Opinion: We still don’t know why doughnut boxes in Southern California are pink


To the editor: There’s a hole in your doughnut story. (“Why are doughnut boxes pink? The answer could only come out of Southern California,” May 25)

The subheadline asserts that doughnut boxes are pink because of “simple Southern California economics.” But the article spends its sweet time dancing around the question of whether pink boxes are in fact cheaper than other colors.

Local doughnut sellers you quote affirm that pink costs less, but your reporter says that may be “something of a mystery” or a matter of “company lore.” A call to the Paperboard Packaging Council, a cardboard industry association, might have solved any such mystery.


Is pink really cheaper, or is it just a regional habit? On that core question, you came up short of a factual full dozen.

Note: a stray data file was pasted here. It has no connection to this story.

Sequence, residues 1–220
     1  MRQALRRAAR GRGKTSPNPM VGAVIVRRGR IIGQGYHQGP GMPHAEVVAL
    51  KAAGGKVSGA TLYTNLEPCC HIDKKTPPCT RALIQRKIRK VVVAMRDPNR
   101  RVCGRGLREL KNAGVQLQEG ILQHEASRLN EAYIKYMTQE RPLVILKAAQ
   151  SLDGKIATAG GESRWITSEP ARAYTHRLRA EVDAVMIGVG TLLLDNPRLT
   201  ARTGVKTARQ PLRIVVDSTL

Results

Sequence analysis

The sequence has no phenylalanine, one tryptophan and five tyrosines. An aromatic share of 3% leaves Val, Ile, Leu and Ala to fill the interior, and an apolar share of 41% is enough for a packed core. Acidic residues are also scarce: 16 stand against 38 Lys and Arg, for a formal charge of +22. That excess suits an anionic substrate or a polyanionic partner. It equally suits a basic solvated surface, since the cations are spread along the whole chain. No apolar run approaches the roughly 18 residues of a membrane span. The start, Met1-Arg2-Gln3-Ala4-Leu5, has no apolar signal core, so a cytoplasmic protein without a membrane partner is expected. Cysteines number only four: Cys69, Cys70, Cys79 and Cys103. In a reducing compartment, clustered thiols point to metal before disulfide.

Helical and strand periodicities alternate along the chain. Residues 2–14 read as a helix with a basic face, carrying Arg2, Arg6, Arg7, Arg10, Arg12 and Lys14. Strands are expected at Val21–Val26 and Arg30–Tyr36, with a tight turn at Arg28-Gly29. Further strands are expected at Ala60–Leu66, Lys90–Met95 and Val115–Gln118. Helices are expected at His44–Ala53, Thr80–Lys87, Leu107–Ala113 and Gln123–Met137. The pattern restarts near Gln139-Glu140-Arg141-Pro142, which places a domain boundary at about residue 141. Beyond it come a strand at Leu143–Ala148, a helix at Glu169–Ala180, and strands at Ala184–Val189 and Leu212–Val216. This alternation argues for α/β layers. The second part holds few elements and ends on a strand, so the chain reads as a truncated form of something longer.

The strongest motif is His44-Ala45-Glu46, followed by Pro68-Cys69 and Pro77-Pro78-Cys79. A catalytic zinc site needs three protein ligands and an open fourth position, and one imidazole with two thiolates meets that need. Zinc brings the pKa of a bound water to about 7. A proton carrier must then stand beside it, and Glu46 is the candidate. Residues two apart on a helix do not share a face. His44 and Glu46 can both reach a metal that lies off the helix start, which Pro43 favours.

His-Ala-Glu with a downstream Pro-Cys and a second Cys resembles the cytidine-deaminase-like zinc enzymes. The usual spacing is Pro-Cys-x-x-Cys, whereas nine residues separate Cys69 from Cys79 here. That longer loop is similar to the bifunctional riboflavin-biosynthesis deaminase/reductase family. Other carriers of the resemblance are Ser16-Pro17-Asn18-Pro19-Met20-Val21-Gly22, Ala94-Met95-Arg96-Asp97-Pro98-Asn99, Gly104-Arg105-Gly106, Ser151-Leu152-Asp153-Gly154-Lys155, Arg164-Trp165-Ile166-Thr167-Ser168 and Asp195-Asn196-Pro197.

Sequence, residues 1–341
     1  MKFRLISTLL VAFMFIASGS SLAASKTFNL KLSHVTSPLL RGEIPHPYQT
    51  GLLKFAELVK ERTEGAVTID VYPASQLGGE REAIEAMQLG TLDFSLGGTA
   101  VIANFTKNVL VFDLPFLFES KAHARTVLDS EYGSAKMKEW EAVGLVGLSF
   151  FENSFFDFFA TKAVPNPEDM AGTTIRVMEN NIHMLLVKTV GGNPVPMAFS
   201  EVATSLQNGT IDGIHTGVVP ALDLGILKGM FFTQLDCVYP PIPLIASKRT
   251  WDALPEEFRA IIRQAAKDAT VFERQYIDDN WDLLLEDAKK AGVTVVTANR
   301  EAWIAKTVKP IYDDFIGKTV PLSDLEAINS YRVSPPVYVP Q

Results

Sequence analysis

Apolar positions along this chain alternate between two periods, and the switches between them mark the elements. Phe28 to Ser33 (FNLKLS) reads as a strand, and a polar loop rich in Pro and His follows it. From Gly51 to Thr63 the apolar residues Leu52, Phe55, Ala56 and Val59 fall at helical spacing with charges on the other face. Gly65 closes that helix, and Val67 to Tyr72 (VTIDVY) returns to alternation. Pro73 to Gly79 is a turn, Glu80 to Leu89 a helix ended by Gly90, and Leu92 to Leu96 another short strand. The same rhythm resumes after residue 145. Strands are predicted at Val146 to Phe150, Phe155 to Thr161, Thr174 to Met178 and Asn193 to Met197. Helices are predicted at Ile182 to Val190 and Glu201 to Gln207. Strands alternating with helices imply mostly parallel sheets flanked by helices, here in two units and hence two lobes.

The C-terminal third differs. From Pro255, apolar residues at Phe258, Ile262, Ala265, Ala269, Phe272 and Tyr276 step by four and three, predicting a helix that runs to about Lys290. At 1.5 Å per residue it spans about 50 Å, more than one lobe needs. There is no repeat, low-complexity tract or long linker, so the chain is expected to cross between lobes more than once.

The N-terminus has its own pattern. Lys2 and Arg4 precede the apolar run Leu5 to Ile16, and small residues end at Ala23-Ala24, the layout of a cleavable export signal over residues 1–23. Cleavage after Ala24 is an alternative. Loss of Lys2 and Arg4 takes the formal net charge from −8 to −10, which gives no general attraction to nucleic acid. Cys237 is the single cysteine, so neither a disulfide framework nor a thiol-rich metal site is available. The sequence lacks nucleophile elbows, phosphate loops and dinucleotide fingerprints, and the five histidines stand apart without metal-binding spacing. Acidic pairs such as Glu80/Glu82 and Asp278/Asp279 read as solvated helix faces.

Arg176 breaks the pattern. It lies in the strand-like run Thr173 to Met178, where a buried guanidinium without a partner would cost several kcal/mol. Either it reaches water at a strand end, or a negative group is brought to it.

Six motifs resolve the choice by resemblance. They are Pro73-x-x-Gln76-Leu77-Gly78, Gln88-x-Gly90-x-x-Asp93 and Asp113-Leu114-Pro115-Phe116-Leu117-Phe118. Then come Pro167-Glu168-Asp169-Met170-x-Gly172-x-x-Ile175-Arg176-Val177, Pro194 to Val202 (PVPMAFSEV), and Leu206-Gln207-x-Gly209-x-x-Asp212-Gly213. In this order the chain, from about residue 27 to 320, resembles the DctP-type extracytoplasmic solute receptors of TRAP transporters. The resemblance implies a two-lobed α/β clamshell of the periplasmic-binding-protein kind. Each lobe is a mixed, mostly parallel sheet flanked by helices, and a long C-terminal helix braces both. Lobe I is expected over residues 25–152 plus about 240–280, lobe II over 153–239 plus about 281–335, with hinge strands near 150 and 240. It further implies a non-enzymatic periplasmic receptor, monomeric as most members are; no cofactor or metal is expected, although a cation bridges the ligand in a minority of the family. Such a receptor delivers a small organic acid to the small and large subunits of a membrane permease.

Mike Boehm, Huntington Beach


To the editor: What a shame to see the front page on the Memorial Day edition of The Times feature articles on doughnut boxes, the Cannes film festival and cannabis but no reference to the men, women and families that have made the ultimate sacrifice for their country.

Yes, there was a reference to an article on homeless veterans in a back section of the paper. Still, the fact that an appropriate article for Memorial Day did not appear alongside other front-page pieces is a sad commentary about the attitude of the media toward the military.

George Chamberlin, Vista


To the editor: It is not surprising that Los Angeles County has about twice as many doughnut shops as Cook County, Ill. We have about twice the population.

You noted that we have 14,882 people per doughnut shop; Cook County has 15,584 people per shop, only slightly more than Los Angeles.

Norman H. Green, Los Angeles

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